Advertisement

Distal gastric mucosa ablation induces significant weight loss and improved glycemic control in type 2 diabetes Sprague–Dawley rat model

  • Ponnie Robertlee Dolo
  • Ke Huang
  • Jason Widjaja
  • Chao Li
  • Xiaocheng ZhuEmail author
  • Libin Yao
  • Jian Hong
Article

Abstract

Background

Excluding the foregut (distal stomach and duodenum) from food transit in RYGB normalizes glucose tolerance. Excluding/removing the duodenal mucosa partly improves glycemic control. So far, the effect of excluding/removing the gastric mucosa remains unknown.

Objective

To observe the effect of removing the distal gastric mucosa on glucose tolerance.

Method

Thirty fatty Sprague–Dawley rats received low-dose streptozotocin (STZ) to induce type 2 diabetes (T2D), then randomly assigned to Roux-en-Y gastric bypass (RYGB, n = 8), distal gastric mucosa removal (DGMR, n = 8), duodenal–jejunal bypass (DJB, n = 8), and Sham (n = 6) groups. In the DGMR group, the distal third of the gastric mucosa was removed by thermal ablation using an electrocautery. Rats were followed for 8 weeks postoperatively. Preoperative oral glucose tolerance test (OGTT), insulin tolerance test (ITT), and mixed-meal tolerance test (MMTT) were repeated 3 and 6 weeks postoperatively. Changes in body weight, food intake, and fasting blood glucose were also recorded.

Results

Gastrin AUC decreased significantly (p < 0.05) in the DGMR group after surgery. A significantly increased GLP-1 AUC was found in the RYGB, DGMR, and DJB groups at week 3 and only the RYGB group at week 6 postoperatively. The improved glucose tolerance in the RYGB group was significantly greater than the improved glucose tolerance in the DGMR and DJB groups. The improved glucose tolerance 3 and 6 weeks after surgery in the DGMR group was significantly greater than the improved glucose tolerance in the DJB group. Body weight decreased significantly in the RYGB, DGMR, and DJB groups postoperatively.

Conclusion

Removing the distal gastric mucosa induced significant weight loss and improved glycemic control in T2D SD rat model. Therefore, the gastric mucosa exclusion in RYGB may be key to the weight loss and diabetes remission, which perhaps warrants a new theory.

Keywords

Gastric bypass Type 2 diabetes Foregut Gastric mucosa GLP-1 Gastrin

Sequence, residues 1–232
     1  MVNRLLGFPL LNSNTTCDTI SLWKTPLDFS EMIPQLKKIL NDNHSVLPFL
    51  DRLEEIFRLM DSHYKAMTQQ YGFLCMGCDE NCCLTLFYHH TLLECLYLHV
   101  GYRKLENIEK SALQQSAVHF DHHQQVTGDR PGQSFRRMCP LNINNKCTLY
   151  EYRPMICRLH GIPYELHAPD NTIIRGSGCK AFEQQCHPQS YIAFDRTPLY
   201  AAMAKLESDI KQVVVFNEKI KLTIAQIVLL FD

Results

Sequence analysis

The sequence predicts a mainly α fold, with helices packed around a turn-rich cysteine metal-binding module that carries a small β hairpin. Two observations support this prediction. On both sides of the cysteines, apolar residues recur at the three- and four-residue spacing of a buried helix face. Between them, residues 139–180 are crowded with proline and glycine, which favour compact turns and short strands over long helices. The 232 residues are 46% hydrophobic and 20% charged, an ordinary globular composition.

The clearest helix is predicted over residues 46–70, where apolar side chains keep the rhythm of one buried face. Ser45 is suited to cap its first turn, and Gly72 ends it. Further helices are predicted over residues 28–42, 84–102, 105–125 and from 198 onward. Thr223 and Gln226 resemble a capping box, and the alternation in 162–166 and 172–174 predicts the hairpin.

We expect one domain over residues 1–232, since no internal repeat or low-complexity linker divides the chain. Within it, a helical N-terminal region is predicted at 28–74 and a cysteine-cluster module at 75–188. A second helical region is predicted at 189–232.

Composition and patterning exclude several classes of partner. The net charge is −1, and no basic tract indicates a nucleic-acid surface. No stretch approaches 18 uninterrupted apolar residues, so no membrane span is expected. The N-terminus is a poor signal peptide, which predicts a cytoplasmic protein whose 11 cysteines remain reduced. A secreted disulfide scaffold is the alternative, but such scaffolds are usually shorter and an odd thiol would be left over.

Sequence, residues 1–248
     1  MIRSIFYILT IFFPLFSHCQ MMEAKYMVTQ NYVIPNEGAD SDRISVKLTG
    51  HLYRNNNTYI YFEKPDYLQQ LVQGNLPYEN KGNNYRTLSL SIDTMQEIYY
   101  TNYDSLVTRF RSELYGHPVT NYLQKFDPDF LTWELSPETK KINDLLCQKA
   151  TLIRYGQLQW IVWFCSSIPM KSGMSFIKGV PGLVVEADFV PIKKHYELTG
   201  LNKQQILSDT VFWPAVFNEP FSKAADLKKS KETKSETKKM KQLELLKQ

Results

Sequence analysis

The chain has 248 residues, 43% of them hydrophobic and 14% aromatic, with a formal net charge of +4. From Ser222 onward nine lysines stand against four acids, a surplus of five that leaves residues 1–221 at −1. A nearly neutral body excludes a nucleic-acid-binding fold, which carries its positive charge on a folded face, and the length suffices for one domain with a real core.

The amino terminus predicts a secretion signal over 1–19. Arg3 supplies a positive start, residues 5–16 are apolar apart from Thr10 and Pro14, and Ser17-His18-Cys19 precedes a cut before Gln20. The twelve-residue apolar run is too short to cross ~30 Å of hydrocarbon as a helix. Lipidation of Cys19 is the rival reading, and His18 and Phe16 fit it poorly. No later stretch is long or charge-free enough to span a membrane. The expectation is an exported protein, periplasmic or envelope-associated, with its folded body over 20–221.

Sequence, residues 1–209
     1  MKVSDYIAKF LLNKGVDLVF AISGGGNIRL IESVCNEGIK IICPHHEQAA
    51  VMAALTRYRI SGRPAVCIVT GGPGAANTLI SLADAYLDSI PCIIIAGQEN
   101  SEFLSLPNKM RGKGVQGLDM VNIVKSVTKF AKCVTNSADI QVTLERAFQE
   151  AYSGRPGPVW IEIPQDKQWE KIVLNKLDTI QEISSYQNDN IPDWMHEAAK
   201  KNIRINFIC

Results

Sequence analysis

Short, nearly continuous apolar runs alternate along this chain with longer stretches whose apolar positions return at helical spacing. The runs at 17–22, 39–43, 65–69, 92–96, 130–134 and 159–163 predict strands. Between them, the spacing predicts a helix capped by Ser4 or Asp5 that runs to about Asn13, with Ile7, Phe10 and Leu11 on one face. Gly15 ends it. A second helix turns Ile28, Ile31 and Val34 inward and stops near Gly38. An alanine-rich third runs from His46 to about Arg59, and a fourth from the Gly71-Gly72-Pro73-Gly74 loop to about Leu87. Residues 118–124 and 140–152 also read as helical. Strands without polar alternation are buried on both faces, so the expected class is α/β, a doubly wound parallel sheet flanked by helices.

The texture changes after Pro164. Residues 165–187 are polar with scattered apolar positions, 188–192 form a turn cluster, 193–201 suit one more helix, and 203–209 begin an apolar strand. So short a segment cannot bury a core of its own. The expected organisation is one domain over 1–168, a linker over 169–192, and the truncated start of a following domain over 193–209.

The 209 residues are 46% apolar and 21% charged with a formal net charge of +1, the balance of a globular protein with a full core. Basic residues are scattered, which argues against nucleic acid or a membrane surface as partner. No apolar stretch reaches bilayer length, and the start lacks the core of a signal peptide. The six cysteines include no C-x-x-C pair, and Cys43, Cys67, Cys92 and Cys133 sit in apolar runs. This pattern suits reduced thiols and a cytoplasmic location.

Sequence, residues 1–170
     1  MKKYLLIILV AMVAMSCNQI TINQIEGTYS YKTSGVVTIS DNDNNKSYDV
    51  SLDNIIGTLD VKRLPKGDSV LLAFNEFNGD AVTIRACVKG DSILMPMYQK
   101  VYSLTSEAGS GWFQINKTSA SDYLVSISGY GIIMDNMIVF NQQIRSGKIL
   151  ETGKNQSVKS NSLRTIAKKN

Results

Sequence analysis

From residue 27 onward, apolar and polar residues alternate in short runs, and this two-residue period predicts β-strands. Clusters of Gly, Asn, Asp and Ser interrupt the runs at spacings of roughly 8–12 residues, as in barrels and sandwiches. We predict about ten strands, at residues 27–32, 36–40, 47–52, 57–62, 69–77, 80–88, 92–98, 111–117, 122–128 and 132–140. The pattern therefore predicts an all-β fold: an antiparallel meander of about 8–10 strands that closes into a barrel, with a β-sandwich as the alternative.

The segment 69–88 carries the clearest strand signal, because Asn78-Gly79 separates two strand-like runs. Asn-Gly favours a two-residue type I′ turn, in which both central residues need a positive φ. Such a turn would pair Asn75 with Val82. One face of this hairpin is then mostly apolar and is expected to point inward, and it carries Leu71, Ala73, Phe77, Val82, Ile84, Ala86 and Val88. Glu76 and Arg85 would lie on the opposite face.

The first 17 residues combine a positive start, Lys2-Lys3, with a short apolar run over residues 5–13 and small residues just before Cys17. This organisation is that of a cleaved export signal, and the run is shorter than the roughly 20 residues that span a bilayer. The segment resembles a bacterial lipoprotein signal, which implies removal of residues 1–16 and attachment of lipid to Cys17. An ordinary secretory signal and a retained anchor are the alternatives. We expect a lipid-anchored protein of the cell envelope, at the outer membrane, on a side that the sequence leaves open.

Notes

Author contribution

PRD and XZ designed the experiment. PRD performed the experiment and drafted the manuscript. CL and XZ supervised the experiment and offered technical support. LY, JW, and JH revised the manuscript, and KH provided material and logistical support.

Funding

Funding was provided by Natural Science Foundation of Jiangsu Province (2015102015).

Compliance with ethical standards

Disclosures

Dr. Ponnie Robertlee Dolo, Dr. Ke Huang, Dr. Jason Widjaja, Dr. Chao Li, Dr. Xiaocheng Zhu, Dr. Libin Yao, and Dr. Jian Hong have no conflict of interest or financial ties to disclose.

Informed consent

Not applicable (there were no human participants).

Research involved in human and animal rights

All applicable institutional and national guidelines of the People’s Republic of China for the care and use of animals were followed.

References

  1. 1.
    Peterli R, Wolnerhanssen BK, Vetter D, Nett P, Gass M, Borbely Y, Peters T, Schiesser M, Schultes B, Beglinger C et al (2017) Laparoscopic sleeve gastrectomy versus Roux-Y-gastric bypass for morbid obesity-3-year outcomes of the prospective randomized Swiss Multicenter Bypass Or Sleeve Study (SM-BOSS). Ann Surg 265(3):466–473CrossRefGoogle Scholar
  2. 2.
    Perrone F, Bianciardi E, Ippoliti S, Nardella J, Fabi F, Gentileschi P (2017) Long-term effects of laparoscopic sleeve gastrectomy versus Roux-en-Y gastric bypass for the treatment of morbid obesity: a monocentric prospective study with minimum follow-up of 5 years. Updates Surg 69(1):101–107CrossRefGoogle Scholar
  3. 3.
    Allen RE, Hughes TD, Ng JL, Ortiz RD, Ghantous MA, Bouhali O, Froguel P, Arredouani A (2013) Mechanisms behind the immediate effects of Roux-en-Y gastric bypass surgery on type 2 diabetes. Theor Biol Med Model 10:45CrossRefGoogle Scholar
  4. 4.